So I suspect the original principal balance is wrong because it doesn't jibe with a standard % rate of 8ths, but I also know the closest rate was 7.75%. Let's look at the remaining balances around 72 payments...well, from 69 through 77 payments all result in remaining balances well above the known $93,608.47, in the $95,000 range. So I now suspect the original principal balance is considerably too high resulting in balances at around 72 payments well in excess of what the known balance is.
So I try to work with a standard rate of 7.75% which is my new best guess, and let's see what it gives me as a initial loan amount using the known payment amount. Well this time it results in an even higher original loan amount of $102,421.48, so I now know the rate is too low. So I push the rate up to 7.875 and let it bring the loan amount down. Now it results in $101,198.59. So let's see the payment stream's effect on the remaining balance at near 72 payments...at 70 payments, it's $95,035, so that's still too high, and at 74 payments, it is still $94,478.12. At 82 payments, it's $93,666.04, and at 83 payments, it's $93,546.96, so I know it is still too high of an original loan principal amount. So let's push up the interest rate another 1/8% to bump down the original loan amount and let's see what we get.
Now, at 8%, the result is $99,999.38. Let's see what 72 payments look like...$93,824.72, too high, but real close...how about 73 payments...now it's $93,716.46, almost there...at 74 payments, it's $93,607.48, only $0.99 away. I now know the rate is essentially dead on, and that the borrower has mad 74 payments, not 72. It's just the loan amount that's off, and by how much?, how about rounding the loan to $99,999.00? Well that would push the rate to a higher number by about 4/100,000 and that's obviously not a legitimate lending rate, and pushes the balance at 74 payments to a lower number, $93,607.18, 30 cents less and not what we want. SO if I round UP to $100,000 and push the rate back to 8% flat, what is the result for the payment amount? $733.76, and the balance at 74 payments? Well, you know the rest.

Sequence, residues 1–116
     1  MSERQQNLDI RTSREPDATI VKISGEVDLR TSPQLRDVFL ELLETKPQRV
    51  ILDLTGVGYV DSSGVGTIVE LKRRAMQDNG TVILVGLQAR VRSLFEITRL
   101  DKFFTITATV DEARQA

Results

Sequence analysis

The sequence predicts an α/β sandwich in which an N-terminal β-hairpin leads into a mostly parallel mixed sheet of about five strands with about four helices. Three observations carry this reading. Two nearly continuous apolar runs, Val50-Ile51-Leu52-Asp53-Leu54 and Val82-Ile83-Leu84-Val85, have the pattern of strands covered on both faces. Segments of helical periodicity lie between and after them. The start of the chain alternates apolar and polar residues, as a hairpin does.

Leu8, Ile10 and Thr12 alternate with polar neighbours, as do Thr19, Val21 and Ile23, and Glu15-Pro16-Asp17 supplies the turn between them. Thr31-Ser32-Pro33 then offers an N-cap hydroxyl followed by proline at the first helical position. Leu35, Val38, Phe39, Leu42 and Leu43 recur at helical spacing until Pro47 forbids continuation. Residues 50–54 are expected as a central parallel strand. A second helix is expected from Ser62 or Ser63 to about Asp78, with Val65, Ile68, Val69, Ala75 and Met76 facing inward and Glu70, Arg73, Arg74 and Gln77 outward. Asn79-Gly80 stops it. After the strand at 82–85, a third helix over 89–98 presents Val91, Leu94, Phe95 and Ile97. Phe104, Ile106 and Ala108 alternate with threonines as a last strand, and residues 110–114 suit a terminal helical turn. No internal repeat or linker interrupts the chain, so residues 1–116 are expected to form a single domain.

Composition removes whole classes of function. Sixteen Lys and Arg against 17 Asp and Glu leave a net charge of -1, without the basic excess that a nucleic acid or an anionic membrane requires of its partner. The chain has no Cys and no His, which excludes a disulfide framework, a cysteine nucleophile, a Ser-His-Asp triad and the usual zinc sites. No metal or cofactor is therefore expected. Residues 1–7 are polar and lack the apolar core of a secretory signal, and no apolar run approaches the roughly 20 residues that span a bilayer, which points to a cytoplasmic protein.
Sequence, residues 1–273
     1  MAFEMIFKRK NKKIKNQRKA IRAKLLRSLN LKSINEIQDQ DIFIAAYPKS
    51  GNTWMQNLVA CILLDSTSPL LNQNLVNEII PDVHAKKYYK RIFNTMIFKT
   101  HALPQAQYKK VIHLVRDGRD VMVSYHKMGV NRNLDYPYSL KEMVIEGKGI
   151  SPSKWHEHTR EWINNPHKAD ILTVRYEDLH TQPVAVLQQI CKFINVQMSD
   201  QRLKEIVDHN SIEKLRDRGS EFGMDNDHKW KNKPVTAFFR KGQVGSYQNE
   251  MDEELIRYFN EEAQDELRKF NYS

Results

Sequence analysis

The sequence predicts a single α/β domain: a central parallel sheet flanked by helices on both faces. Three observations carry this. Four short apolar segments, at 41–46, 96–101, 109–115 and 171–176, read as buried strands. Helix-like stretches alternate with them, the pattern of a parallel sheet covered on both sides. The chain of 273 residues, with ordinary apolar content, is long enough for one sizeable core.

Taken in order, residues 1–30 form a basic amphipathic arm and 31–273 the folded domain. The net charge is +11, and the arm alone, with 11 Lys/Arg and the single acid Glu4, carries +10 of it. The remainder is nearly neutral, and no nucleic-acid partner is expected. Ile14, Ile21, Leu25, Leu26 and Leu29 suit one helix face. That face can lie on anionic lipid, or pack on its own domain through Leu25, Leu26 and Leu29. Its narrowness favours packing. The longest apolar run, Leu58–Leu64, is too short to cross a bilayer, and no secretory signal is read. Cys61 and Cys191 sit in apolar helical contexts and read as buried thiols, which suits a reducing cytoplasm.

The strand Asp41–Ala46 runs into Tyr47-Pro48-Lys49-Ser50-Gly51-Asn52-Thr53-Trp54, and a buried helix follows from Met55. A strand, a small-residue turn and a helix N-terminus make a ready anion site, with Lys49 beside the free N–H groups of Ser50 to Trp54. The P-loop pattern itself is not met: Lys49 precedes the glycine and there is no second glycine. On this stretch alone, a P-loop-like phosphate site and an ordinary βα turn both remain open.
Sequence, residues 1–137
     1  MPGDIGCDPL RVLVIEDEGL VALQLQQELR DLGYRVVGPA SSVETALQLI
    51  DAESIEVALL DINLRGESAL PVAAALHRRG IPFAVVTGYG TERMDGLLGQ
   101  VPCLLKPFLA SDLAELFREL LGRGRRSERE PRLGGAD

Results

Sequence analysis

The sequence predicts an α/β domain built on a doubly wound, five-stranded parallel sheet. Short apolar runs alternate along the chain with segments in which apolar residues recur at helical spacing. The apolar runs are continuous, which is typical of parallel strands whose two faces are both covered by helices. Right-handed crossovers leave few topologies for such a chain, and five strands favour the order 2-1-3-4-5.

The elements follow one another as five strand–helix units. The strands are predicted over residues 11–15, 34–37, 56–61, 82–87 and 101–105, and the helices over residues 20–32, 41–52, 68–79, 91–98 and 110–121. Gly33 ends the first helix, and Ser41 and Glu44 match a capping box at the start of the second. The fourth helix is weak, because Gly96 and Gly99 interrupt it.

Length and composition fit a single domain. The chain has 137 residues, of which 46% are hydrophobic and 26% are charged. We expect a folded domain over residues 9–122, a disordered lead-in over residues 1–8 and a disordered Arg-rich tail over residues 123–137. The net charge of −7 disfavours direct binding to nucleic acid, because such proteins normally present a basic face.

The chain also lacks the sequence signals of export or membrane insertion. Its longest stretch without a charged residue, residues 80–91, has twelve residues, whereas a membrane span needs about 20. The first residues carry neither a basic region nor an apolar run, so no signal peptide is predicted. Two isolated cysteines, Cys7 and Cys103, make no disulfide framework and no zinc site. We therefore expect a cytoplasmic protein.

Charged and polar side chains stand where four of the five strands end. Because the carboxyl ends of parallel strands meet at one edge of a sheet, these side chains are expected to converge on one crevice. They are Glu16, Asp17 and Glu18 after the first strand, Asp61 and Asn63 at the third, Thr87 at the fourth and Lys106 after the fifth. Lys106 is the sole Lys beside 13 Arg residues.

If it can be figured out mentally that way, why then can't the calculator do the same cross iteration calculations? It seems that a series of if/then/else statements with < & > tests should be able to come up with a solution, as long as you limit the interest rates to perhaps 3 decimal places.